You don’t have to deliver a full salary and benefits package. Just keep it simple. Most employees want essential perks, such as health and dental insurance. These perks are more economical as a group plan, allowing you as the business leader and your team to stay healthy and give crucial health and wellness issues the seriousness they deserve. Also, consider providing some paid sick leave and holiday. If your business is fully established and profitable, you can provide things like unlimited leave, gym memberships, and retirement plans.
If you have remote employees, you can offer them technology perks such as a smartphone, a laptop, or a company-paid Wi-Fi. You can also provide them collaboration tools, project management software, and other tech solutions like cloud storage. If you decide to skip all these technology benefits, then offering a technology stipend or creating a compensation program are both great alternatives.
4. Provide Flexible Work Schedules
Offer flexible work options, if possible. It’s easy for employees to organize their work time and create a healthy balance between work and personal life for themselves when they’re offered flexible work schedules. They can pursue non-work related matters, attend appointments, and give their loved ones the attention they deserve.
If you’ve adopted the remote working model due to the COVID-19 pandemic, consider extending the same option for some, if not all the employees, even after normalcy returns. You can encourage them to work from a reputable coworking space such as Upsuite to eliminate some of the challenges associated with working from home and enhance productivity.
Involve your employees in the process of developing flexible schedules. Provide them with the autonomy to create their own schedules and deliver it to you for consideration. Giving your employees the freedom to collaborate and construct a system that aligns with the unique needs of all of them will enhance trust and help you develop a great flexible work policy.
Allowing team members to work remotely builds a sense of trust and appreciation. Be confident in implementing your flexible work policy. Otherwise, if you show doubt, team members will notice. Leverage cross-communication tools like slack to ensure every team member is accountable and always reachable.
If your business can’t offer flexible work schedules, don’t fret! There’re still tweaks you can make in your business to provide flexibility, including but not limited to flexible lunchtimes.
5. Encourage Your Employees to Climb the Career Ladder
If workers remain stagnant in one job for many years, they may look for another job that offers them growth opportunities. Most employees want to expand their knowledge and sharpen their skills so that they can climb the career ladder. They also want a leader who is always ready to support them and willing to create new opportunities for them. This may sound like asking too much from a leader, but the benefits of supporting your employees to advance in their career are immeasurable.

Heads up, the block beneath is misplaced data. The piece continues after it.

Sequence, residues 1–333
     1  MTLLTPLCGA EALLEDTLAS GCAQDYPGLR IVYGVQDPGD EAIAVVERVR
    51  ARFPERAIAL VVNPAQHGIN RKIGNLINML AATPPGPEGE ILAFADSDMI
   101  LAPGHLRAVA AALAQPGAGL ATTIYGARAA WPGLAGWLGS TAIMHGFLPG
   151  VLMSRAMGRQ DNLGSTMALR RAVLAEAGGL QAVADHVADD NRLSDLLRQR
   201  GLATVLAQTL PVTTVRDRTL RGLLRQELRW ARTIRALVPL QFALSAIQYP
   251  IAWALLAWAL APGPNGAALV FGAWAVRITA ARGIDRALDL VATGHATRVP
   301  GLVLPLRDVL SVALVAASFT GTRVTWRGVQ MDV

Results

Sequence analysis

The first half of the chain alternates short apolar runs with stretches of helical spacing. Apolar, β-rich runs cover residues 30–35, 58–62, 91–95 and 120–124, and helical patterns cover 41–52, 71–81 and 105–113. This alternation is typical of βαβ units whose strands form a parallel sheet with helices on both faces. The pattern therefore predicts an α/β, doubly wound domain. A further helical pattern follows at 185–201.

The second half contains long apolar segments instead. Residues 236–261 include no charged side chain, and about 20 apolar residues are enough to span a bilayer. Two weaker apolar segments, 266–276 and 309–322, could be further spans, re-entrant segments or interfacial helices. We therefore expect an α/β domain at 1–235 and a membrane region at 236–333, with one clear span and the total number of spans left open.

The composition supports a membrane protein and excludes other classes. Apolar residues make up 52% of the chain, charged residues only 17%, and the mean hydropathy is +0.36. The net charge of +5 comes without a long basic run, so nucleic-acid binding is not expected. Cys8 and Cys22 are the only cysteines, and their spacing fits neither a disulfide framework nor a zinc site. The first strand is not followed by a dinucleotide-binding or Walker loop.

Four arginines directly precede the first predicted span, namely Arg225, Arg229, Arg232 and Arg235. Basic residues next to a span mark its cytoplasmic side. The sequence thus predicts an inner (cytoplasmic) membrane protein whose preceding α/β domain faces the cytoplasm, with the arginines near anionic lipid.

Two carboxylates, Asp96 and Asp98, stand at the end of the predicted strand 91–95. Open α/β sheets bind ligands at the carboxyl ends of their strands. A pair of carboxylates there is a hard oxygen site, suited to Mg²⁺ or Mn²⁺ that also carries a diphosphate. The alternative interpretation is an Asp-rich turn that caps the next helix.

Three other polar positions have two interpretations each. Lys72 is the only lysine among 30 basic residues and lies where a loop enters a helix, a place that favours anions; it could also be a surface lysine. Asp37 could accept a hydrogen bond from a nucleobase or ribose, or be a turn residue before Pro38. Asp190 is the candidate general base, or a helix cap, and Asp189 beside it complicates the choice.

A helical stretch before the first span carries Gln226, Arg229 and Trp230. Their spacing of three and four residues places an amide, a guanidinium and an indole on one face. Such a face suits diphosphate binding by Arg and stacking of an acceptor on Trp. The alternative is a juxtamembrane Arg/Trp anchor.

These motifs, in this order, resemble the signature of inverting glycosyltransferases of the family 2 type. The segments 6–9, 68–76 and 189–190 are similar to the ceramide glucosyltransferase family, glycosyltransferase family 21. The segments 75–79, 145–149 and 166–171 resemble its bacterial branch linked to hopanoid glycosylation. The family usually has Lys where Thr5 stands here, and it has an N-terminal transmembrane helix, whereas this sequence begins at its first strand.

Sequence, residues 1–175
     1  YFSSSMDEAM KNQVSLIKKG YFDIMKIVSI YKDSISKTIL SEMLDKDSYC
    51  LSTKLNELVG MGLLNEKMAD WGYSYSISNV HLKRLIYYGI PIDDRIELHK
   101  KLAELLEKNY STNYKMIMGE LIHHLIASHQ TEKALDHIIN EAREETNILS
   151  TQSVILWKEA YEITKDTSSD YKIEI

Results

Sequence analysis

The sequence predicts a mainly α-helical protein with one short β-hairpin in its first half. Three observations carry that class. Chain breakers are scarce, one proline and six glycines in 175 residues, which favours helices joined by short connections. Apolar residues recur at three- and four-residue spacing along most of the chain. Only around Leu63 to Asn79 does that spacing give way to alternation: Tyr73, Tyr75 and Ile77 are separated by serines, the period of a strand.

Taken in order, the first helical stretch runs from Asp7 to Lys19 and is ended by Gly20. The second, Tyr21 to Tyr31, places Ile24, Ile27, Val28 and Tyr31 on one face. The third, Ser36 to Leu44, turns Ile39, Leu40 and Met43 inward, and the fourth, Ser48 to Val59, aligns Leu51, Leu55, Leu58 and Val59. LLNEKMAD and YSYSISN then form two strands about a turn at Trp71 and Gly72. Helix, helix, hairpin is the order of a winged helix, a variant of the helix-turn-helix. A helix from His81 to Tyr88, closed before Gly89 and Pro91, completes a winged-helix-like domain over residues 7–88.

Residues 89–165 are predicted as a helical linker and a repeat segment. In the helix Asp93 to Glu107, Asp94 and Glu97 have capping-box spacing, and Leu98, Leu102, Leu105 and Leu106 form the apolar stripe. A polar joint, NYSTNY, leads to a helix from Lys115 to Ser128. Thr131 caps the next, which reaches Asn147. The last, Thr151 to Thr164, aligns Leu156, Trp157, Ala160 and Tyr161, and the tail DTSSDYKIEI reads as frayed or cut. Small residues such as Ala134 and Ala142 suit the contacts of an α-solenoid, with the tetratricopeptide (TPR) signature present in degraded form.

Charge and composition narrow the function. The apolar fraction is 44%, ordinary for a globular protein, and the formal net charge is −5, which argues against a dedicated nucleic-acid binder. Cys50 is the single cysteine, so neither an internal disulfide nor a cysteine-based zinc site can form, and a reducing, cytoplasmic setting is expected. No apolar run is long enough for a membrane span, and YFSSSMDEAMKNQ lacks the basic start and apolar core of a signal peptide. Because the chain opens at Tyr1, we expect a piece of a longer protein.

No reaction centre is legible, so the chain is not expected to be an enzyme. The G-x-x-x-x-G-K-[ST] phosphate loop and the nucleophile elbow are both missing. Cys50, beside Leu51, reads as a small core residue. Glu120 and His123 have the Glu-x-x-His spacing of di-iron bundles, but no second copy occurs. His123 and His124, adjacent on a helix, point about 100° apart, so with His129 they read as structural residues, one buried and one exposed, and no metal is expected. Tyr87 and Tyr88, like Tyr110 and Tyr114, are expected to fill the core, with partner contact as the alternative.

Employees love working with confident leaders that don’t feel threatened by their potential and aspirations. It becomes extremely hard for employees to make any meaningful career advancement when they’re working under a leader that’s only looking out for their own interests. Leaders who feel threatened by their employees often end up becoming followers.
It’s your responsibility as a leader to discover and mentor your successor. Rather than being threatened, you should dedicate your time towards making yourself a better leader who is ready to serve others more effectively. You can start by showing your staff a projected career path. What is the next thing after their current position? Perhaps it’s a vertical or horizontal move. Or, perhaps they can acquire more responsibilities in their current role. No matter what it is, ensure your employees clearly understand how they can progress.
Encourage them to take risks, make mistakes, and draw important lessons from their mistakes. Also, guide them to work through the burdens related to failure. If you limit their ability to experiment with new ideas, they will never realize their full potential. Don’t micromanage your team members. Instead, trust them and encourage them to take risks and explore opportunities that can help them learn and develop new skills on the job.
Employees will always leave your company. They’ll get more lucrative job opportunities, change career paths, or even start their businesses. Employee turnover will always be there. But you can significantly minimize it by creating a healthy work environment where workers want to stay. Always try to understand and respond to the unique needs of your company and your workforce. Maintain effective communication with your employees, spot signs of problems, and resolve them right away.